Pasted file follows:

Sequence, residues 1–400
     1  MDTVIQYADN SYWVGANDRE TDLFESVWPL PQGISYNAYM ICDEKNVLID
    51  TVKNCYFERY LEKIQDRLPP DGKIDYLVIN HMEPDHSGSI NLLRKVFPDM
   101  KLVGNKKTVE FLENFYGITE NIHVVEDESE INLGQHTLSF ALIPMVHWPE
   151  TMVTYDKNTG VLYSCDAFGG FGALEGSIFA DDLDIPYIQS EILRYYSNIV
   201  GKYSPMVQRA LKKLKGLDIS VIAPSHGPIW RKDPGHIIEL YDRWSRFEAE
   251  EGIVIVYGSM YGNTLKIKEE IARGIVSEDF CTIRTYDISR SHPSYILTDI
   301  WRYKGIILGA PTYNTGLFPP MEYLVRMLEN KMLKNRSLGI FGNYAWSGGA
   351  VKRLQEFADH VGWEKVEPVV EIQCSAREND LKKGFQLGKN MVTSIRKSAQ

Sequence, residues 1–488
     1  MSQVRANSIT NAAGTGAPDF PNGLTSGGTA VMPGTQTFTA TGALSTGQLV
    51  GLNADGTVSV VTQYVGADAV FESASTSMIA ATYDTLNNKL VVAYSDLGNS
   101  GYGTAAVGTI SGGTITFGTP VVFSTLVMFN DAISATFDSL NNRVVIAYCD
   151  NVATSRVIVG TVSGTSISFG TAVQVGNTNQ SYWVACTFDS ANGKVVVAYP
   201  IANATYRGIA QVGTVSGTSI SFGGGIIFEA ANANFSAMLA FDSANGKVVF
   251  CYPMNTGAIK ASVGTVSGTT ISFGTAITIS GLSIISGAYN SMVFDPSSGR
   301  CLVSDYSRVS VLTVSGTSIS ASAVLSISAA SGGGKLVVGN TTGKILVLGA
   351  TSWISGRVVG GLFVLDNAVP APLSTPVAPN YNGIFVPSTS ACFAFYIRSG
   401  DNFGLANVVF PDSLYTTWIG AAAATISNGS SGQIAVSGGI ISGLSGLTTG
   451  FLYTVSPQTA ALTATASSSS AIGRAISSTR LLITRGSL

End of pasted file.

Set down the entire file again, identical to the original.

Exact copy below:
Sequence, residues 1–400
     1  MDTVIQYADN SYWVGANDRE TDLFESVWPL PQGISYNAYM ICDEKNVLID
    51  TVKNCYFERY LEKIQDRLPP DGKIDYLVIN HMEPDHSGSI NLLRKVFPDM
   101  KLVGNKKTVE FLENFYGITE NIHVVEDESE INLGQHTLSF ALIPMVHWPE
   151  TMVTYDKNTG VLYSCDAFGG FGALEGSIFA DDLDIPYIQS EILRYYSNIV
   201  GKYSPMVQRA LKKLKGLDIS VIAPSHGPIW RKDPGHIIEL YDRWSRFEAE
   251  EGIVIVYGSM YGNTLKIKEE IARGIVSEDF CTIRTYDISR SHPSYILTDI
   301  WRYKGIILGA PTYNTGLFPP MEYLVRMLEN KMLKNRSLGI FGNYAWSGGA
   351  VKRLQEFADH VGWEKVEPVV EIQCSAREND LKKGFQLGKN MVTSIRKSAQ

Sequence, residues 1–488
     1  MSQVRANSIT NAAGTGAPDF PNGLTSGGTA VMPGTQTFTA TGALSTGQLV
    51  GLNADGTVSV VTQYVGADAV FESASTSMIA ATYDTLNNKL VVAYSDLGNS
   101  GYGTAAVGTI SGGTITFGTP VVFSTLVMFN DAISATFDSL NNRVVIAYCD
   151  NVATSRVIVG TVSGTSISFG TAVQVGNTNQ SYWVACTFDS ANGKVVVAYP
   201  IANATYRGIA QVGTVSGTSI SFGGGIIFEA ANANFSAMLA FDSANGKVVF
   251  CYPMNTGAIK ASVGTVSGTT ISFGTAITIS GLSIISGAYN SMVFDPSSGR
   301  CLVSDYSRVS VLTVSGTSIS ASAVLSISAA SGGGKLVVGN TTGKILVLGA
   351  TSWISGRVVG GLFVLDNAVP APLSTPVAPN YNGIFVPSTS ACFAFYIRSG
   401  DNFGLANVVF PDSLYTTWIG AAAATISNGS SGQIAVSGGI ISGLSGLTTG
   451  FLYTVSPQTA ALTATASSSS AIGRAISSTR LLITRGSL